I found myself reflecting back to talks I’ve given on harnessing, managing and leveraging Creative Intelligence in individuals, teams and organizations, and came up with some key areas to examine to help you ensure you’re getting the most value for your money.
The first question to ask yourself is whether or not you’ve hired a ‘good agency.’ Your chances of receiving massive value from an agency is not out of the realm of possibility, but your chances are pretty slim if you don’t start with one that employs good talent
Talented creatives attract other talented people, which is demonstrated by an agency’s track record of creating magic and success for their clients. You’ll know it when you see it – it will move your heart and the execution will satisfy your brain.
It’s important not to judge a firm by its awards. Not that awards are meaningless - they’re nice to have - but often there’s no statistical correlation between design awards and market success.
Another tell is the fee. The agency that creates magic will not be the cheapest. You can try to convince yourself otherwise but it’s not likely.
If you are able to establish that you’ve hired a firm that does in fact stand above others and has a track record of success, you’ll want to ensure that your account will be handled by the especially seasoned and gifted talent. When the best talent in the firm is dedicated and emotionally vested in your project, they’ll lend input that can make a huge difference.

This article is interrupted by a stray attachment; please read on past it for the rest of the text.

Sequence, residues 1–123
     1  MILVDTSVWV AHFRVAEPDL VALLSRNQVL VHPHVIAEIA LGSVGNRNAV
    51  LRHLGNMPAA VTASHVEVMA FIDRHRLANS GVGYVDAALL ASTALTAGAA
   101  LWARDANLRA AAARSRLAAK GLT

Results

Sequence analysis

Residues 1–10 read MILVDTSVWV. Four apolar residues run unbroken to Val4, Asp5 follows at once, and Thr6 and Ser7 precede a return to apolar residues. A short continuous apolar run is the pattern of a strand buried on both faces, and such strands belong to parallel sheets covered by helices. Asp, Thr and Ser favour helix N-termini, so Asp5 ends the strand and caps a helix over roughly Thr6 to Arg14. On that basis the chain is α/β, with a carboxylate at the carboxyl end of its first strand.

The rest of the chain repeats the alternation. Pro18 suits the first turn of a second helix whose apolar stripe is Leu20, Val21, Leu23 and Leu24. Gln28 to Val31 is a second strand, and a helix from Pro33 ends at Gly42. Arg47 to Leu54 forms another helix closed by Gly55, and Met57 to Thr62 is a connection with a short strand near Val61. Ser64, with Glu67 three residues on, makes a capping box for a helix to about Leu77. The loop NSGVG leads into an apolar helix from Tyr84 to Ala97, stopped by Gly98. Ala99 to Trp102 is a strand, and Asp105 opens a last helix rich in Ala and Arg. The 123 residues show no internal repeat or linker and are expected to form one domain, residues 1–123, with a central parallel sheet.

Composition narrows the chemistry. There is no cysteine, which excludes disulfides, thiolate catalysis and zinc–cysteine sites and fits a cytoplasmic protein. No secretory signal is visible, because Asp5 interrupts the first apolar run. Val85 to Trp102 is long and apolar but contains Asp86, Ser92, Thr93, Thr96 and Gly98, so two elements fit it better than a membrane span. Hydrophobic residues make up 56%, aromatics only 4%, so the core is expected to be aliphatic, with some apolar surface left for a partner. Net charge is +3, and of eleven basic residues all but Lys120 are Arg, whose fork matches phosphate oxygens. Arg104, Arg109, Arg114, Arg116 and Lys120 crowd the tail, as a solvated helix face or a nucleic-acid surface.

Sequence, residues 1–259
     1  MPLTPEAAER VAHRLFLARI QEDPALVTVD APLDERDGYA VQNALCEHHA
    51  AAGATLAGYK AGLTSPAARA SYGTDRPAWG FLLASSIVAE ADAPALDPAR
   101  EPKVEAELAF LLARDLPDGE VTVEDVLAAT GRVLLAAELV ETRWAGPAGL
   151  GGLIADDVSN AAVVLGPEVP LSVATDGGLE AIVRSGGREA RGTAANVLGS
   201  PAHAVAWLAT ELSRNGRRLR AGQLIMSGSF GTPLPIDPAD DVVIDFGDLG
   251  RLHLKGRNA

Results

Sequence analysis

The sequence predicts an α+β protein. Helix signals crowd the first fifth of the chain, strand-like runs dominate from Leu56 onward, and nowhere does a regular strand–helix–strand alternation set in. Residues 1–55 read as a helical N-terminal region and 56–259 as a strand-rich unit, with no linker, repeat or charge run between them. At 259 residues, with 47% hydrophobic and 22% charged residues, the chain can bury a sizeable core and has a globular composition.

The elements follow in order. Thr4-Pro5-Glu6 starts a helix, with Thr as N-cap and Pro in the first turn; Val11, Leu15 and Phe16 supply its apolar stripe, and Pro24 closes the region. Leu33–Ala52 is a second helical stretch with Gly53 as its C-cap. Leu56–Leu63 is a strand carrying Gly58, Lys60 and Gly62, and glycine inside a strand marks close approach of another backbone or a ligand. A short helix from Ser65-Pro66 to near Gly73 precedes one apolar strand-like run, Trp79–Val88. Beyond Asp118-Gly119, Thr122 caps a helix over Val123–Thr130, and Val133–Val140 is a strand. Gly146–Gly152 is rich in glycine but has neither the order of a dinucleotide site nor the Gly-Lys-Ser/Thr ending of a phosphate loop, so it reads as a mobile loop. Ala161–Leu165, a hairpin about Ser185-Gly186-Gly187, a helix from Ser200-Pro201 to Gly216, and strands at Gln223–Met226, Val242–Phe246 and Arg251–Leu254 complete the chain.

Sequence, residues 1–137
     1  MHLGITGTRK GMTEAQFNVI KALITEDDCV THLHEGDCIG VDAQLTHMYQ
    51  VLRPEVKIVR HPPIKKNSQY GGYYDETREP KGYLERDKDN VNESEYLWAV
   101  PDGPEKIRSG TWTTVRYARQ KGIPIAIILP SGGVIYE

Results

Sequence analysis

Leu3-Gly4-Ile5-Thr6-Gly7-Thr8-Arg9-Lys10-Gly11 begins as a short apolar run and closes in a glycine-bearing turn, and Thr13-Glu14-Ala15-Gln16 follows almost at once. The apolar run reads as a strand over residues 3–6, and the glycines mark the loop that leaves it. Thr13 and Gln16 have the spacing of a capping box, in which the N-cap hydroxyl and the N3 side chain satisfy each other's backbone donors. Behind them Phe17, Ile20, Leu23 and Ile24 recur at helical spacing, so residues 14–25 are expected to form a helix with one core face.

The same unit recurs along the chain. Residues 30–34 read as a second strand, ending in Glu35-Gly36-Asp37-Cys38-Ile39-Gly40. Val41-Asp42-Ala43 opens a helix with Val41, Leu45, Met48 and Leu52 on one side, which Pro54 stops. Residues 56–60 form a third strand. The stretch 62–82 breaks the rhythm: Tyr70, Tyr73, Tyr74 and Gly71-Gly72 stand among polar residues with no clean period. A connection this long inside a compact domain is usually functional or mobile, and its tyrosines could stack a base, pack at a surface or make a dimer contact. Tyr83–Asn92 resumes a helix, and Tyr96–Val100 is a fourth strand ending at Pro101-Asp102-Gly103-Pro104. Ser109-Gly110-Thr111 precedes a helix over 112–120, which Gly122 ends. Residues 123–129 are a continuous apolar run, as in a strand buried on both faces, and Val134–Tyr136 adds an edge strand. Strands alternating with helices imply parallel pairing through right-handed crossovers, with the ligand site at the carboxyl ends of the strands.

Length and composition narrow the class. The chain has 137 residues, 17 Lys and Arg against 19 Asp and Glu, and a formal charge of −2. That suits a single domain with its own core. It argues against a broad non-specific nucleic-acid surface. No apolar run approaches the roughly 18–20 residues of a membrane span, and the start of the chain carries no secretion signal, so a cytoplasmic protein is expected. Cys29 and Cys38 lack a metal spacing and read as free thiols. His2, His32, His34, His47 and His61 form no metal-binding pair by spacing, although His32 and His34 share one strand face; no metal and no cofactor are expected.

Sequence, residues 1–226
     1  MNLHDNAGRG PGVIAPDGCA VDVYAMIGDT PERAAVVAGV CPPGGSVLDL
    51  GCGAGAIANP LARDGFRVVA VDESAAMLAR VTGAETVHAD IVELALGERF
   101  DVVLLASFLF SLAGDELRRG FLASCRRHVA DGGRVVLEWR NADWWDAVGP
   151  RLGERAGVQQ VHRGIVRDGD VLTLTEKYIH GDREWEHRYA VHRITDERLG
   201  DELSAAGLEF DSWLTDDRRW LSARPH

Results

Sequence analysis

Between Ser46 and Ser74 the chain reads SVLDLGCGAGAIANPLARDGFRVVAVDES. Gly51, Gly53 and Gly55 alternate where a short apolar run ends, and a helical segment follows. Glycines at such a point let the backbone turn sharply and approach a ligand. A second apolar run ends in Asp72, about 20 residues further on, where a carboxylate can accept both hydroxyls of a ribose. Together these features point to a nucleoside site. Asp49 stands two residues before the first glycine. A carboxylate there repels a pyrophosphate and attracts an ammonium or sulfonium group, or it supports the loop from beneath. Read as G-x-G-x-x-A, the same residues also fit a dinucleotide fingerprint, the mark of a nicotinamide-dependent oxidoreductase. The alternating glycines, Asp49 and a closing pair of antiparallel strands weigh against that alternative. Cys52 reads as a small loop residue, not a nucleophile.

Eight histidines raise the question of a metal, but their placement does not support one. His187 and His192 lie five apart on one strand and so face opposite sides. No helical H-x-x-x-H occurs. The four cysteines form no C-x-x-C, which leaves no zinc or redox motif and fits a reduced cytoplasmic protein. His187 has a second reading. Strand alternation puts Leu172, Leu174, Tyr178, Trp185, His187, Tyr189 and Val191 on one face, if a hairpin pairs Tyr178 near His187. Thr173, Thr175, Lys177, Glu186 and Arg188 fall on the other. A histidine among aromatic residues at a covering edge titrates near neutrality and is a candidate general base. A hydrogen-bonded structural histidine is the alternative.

Highly creative talent responds best when charged with a big vision or challenge from a key decision maker, such as the CEO or a senior level executive. When the talent can feel the angst or excitement from their superior right from the beginning, it tends to inspire great work. This is what drives creative people to perform well, and it’s often overlooked. When that happens, the disconnect between the creative team and the executive level can result in less inspired work.
The design/creative services industry is all about managing uncertainty. The different thinking styles at play, combined with business risks, can magnify the anxiety and tension of working together. The irony is that the best results often emerge from this tension, but only when it’s managed at an optimal level and doesn’t become debilitating or demotivating.
The agency you work with should put intentional effort toward navigating this delicate relationship to build trust and openness, where the different thinking styles are appreciated and ambiguity is tolerated. It’s easier than it sounds, but many firms are not well equipped or experienced enough to achieve it.
From our experience, the most experienced design/creative firms that deliver effective work for their clients have developed or adopted various practices and tools for fostering the important collaborative agency-client relationship.